Hybrids offer the longest range and easier refueling
Hybrids are significantly cheaper than electric cars. You can generally expect between 48 and 60 miles per gallon, although of course a truck offers fewer miles per gallon than a sedan.
For example the 2022 Hyundai Sonata Hybrid starts at $27,350, gets 52 miles per gallon and has a 13.2 gallon gas tank. That means this car has a range of 686 miles when its gas tank is full.
Do the math: You can drive almost three times as far in an electric car before you have to fill up a hybrid like this. When it’s time to refuel, you can stop at any gas station and quickly refill the tank. You don’t have to make sure you reach a charging station within your current range and sit there and wait for it to charge.
And if you don’t have somewhere at work or at home to plug the car into, that’s fine – you only need to stop at a gas station once every 600+ miles.
It goes without saying that a conventional petrol car is much less efficient than a battery-powered hybrid. Comparing apples to apples that 2022 Hyundai Sonata (non-hybrid) gets 32 miles per gallon and starts at $24,500.
This is just one example of a hybrid – there are many other great hybrid cars out there and we’re not recommending one manufacturer over another here.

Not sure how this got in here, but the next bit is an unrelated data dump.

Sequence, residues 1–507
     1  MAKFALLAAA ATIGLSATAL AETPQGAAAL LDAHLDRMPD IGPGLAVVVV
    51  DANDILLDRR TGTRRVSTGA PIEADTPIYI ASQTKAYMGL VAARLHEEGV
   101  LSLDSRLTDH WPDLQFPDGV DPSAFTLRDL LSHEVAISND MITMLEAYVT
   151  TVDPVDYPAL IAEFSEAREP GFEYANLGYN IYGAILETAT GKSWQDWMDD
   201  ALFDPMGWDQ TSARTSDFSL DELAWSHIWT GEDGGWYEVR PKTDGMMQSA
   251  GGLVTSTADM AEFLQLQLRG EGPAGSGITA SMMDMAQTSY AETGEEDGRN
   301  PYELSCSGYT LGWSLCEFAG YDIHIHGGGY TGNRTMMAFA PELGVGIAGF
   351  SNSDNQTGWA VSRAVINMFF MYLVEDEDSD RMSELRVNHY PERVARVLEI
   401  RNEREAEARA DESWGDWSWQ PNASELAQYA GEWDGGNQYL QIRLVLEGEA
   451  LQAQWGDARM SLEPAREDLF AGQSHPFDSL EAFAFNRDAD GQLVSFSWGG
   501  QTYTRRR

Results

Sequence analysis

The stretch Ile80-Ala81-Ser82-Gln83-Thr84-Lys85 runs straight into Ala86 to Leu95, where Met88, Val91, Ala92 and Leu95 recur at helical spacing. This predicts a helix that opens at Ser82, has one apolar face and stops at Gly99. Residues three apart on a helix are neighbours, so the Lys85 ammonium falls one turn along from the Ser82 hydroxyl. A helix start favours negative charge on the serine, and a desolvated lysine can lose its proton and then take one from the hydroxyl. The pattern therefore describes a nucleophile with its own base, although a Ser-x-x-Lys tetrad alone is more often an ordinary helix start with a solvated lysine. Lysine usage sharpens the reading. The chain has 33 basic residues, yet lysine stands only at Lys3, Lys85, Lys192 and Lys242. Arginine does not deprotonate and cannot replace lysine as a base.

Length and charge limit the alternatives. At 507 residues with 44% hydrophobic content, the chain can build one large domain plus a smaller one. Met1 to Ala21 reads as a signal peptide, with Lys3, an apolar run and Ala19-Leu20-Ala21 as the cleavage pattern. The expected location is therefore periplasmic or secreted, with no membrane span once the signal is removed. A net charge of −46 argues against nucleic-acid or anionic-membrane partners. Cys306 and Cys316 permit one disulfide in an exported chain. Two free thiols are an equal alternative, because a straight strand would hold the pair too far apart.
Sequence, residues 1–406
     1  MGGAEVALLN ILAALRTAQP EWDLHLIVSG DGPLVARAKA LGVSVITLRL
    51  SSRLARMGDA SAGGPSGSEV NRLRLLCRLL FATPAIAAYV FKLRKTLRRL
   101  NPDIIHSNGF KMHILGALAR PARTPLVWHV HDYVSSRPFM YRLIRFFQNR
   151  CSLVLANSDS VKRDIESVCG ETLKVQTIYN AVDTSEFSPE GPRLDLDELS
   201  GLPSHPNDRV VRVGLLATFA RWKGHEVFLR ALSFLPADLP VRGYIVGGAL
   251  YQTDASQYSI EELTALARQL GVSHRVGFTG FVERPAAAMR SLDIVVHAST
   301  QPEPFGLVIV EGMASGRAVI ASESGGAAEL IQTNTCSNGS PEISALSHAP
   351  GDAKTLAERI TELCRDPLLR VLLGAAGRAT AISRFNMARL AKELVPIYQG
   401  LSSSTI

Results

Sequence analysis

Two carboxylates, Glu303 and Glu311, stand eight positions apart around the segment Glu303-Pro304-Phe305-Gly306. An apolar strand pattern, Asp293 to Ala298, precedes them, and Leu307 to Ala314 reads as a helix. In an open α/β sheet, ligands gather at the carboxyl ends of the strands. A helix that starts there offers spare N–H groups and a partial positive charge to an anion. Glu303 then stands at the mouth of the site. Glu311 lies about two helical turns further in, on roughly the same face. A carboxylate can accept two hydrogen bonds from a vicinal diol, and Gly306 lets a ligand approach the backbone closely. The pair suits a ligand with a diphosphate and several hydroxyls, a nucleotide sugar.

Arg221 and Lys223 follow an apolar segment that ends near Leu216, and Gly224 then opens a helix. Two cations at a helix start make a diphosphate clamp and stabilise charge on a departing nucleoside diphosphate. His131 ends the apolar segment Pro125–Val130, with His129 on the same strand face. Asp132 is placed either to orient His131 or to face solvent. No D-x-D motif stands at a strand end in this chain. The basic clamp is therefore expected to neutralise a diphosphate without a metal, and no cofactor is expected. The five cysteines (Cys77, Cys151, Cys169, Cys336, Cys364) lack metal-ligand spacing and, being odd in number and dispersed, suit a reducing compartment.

A plug-in hybrid might be an even better idea
Plug-in hybrids are another great idea. Take the 2022 Toyota Prius Prime, for example. It’s a plug-in hybrid with a starting price of $28,770. If you plug it in to charge, it can get a range of 25 miles in EV mode before using gas.
If your daily commute is 10 miles each way, you can charge your car at home every night and never use gas on your commute — unless you need to keep driving. If you keep driving, your car will use up its gas tank.
You are never forced to find a charger. You can plug in a plug-in hybrid if you want, but it works like a regular gas-powered hybrid if you don’t. A plug-in hybrid offers you this possibility.
There are other plug-in hybrids that will give you between 30 and 40 miles of electric range. Again, we do not recommend any particular manufacturer.
Plug-in hybrids appear to be an important part of the future. They can help make daily errands and electric commutes possible without the massive batteries, range anxiety, or even any charging infrastructure outside of one’s garage.
Even California’s much-publicized plan to ban gas-powered cars by 2035 includes an exception for plug-in hybrids, which will continue to be allowed.
Hybrids: Better than electric vehicles?
Which vehicle you buy is an incredibly personal decision. But as we’ve seen, there’s a very strong case for hybrid vehicles in the early 2020s. Not only are they cheaper than electric cars, they are also more convenient and flexible.
We hope that will change in the future as electric charging infrastructure becomes more widespread and electric vehicles become more affordable. Until then, there’s good news: while you can’t justify buying an expensive electric car, these cheaper hybrids could be even better.